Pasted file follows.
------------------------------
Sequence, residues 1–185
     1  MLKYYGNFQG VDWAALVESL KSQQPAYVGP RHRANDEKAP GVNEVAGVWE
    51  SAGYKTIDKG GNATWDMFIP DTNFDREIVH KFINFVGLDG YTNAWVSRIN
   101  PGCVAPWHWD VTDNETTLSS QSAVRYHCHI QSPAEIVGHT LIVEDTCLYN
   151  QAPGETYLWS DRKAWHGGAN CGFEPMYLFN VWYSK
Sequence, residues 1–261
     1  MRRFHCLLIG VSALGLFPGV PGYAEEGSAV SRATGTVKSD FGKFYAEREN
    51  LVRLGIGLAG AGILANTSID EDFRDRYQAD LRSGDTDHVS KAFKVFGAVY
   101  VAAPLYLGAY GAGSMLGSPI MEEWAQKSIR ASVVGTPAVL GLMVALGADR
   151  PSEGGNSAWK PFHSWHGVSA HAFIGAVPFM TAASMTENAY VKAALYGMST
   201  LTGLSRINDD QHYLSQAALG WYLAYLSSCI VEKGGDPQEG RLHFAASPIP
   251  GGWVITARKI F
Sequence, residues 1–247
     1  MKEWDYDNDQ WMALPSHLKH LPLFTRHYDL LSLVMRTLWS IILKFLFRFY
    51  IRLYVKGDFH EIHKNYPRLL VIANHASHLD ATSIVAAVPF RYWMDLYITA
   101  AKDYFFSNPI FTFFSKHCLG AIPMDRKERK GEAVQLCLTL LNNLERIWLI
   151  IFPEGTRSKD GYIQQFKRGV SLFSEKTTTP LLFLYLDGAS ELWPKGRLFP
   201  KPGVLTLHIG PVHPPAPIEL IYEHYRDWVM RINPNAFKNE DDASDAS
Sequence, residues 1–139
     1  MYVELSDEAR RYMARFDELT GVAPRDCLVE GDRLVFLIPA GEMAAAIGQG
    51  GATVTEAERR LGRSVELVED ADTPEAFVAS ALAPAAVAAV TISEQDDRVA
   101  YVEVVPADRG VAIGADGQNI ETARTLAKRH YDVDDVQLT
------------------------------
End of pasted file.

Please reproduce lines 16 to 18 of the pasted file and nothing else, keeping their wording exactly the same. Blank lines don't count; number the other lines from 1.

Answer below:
   101  AKDYFFSNPI FTFFSKHCLG AIPMDRKERK GEAVQLCLTL LNNLERIWLI
   151  IFPEGTRSKD GYIQQFKRGV SLFSEKTTTP LLFLYLDGAS ELWPKGRLFP
   201  KPGVLTLHIG PVHPPAPIEL IYEHYRDWVM RINPNAFKNE DDASDAS